I have been very tearful since and felt my self confidence hit an all time low, I do feel it very unfair that I've really felt compelled to leave division after 3 years, albeit this was my suggestion and that I have not had a proper explanation of why I irritate her and her behaviour at keeping me excluded from the business. I believe that her unprofessional behaviour and her personal feelings should not have affected my job like this.

I want to know where I stand legally on this. My legal position if this new job does not work out or my reputation suffers as a result.
Submitted: 4 years ago.
Category: Employment Law
Expert:  Ben Jones replied 4 years ago.

Ben Jones : Hello, my name is Ben and it is my pleasure to assist you with your question today. How long have you worked for this organisation?
JACUSTOMER-70q19hyr- :

I've worked for the nhs continuously since 2006 but with this organisation since January 2011.

Ben Jones :

Hi, sorry I was offline by the time you had replied. In some respects this situation could amount to bullying, which is defined by The Advisory, Conciliation and Arbitration Service (ACAS) defines bullying as “offensive, intimidating, malicious or insulting behaviour, an abuse or misuse of power through means that undermine, humiliate, denigrate or injure the recipient.” Whatever form it takes, it is unwarranted and unwelcome to the individual subjected to it.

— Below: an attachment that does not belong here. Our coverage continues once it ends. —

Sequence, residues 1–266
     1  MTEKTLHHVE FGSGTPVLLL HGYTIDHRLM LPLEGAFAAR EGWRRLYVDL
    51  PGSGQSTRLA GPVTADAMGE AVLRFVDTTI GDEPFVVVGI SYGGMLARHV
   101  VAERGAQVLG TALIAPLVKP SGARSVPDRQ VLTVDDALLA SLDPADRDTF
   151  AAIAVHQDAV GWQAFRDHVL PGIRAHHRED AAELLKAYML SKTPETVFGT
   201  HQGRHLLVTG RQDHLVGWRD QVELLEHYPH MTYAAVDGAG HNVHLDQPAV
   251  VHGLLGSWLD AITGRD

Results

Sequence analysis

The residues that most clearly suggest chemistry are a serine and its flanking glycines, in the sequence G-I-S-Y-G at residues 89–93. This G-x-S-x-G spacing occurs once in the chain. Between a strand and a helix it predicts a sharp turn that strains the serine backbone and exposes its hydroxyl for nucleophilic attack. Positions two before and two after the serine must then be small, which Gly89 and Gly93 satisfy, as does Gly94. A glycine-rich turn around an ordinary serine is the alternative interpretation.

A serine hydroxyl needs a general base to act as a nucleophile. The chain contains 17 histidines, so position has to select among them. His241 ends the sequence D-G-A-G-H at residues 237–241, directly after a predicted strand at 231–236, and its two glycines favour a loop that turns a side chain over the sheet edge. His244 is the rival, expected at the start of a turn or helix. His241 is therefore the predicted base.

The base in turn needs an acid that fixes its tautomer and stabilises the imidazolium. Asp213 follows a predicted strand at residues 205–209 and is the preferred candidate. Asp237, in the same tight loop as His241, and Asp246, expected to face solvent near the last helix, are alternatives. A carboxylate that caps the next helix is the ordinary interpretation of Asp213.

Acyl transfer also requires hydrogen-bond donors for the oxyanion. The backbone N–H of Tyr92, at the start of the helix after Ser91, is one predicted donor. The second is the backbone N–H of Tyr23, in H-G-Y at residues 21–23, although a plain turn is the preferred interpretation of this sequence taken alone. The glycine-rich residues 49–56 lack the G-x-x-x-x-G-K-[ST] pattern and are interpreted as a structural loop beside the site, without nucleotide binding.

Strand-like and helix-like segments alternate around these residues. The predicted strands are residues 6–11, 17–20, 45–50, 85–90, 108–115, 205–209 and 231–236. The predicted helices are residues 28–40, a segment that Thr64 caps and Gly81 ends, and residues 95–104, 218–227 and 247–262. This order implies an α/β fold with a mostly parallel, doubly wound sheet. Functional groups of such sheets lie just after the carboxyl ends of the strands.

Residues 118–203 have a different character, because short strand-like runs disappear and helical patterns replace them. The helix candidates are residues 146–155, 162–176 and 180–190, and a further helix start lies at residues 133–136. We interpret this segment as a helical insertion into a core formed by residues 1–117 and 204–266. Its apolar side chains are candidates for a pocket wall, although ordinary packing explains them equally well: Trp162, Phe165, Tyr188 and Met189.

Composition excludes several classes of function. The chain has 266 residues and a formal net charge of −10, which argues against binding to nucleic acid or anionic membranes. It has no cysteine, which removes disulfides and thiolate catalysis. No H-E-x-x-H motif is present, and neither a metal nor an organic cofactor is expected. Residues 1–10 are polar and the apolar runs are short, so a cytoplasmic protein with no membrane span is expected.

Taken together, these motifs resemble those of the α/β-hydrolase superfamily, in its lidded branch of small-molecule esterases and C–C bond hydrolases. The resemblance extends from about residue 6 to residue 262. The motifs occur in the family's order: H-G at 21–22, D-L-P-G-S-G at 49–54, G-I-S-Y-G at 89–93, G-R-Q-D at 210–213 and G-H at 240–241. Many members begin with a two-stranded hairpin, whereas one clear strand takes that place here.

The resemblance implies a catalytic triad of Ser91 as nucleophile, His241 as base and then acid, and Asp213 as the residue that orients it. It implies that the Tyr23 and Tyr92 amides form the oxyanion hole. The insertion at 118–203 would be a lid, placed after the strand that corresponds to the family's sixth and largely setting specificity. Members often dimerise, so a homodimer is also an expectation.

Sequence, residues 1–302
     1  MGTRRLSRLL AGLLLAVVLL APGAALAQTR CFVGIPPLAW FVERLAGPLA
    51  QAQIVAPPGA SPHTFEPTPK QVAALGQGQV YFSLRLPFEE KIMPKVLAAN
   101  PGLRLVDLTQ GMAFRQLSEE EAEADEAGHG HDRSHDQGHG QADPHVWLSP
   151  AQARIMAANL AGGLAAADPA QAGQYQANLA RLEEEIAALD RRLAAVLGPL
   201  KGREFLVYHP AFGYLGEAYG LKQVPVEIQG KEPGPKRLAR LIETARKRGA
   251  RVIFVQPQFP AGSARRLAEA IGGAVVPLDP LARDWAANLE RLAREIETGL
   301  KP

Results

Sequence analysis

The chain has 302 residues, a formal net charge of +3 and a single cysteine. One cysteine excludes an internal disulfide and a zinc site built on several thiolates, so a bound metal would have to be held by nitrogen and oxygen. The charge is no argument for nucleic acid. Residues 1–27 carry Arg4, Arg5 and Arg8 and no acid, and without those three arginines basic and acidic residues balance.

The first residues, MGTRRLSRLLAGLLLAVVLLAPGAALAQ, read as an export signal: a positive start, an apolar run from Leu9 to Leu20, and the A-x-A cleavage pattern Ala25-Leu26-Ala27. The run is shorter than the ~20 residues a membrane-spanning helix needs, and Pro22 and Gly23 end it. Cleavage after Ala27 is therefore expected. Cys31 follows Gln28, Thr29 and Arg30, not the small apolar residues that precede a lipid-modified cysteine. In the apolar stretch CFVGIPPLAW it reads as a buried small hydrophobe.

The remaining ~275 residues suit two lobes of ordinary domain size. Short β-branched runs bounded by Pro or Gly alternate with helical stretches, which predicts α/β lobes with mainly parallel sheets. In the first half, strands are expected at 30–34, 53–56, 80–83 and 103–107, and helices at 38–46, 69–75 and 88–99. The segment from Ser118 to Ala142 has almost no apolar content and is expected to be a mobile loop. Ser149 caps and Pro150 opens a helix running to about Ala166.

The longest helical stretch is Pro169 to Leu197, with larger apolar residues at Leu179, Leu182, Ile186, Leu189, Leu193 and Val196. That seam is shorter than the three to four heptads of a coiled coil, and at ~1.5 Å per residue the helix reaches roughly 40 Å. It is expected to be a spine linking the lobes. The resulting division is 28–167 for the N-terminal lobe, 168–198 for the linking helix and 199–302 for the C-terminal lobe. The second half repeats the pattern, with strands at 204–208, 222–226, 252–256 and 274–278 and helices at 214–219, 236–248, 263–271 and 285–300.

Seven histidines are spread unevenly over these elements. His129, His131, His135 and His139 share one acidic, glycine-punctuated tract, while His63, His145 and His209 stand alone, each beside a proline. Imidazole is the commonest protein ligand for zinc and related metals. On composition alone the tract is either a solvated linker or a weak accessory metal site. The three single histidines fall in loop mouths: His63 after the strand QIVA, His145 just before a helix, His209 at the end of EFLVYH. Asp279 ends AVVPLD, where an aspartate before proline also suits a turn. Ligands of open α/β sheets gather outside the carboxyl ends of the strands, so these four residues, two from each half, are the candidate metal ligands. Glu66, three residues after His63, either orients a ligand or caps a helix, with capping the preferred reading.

Under law, specifically the Health and Safety at Work etc Act 1974, an employer has a duty to ensure the health, safety and welfare of its employees. In addition, they have the implied contractual duty to provide a safe and suitable working environment. That includes preventing, or at least effectively dealing with bullying behaviour occurring in the workplace.

In terms of what the victim of bullying can do to try and deal with such problems, the following steps are recommended:

  1. First of all, and if appropriate, the employee should try and resolve the issue informally with the person responsible.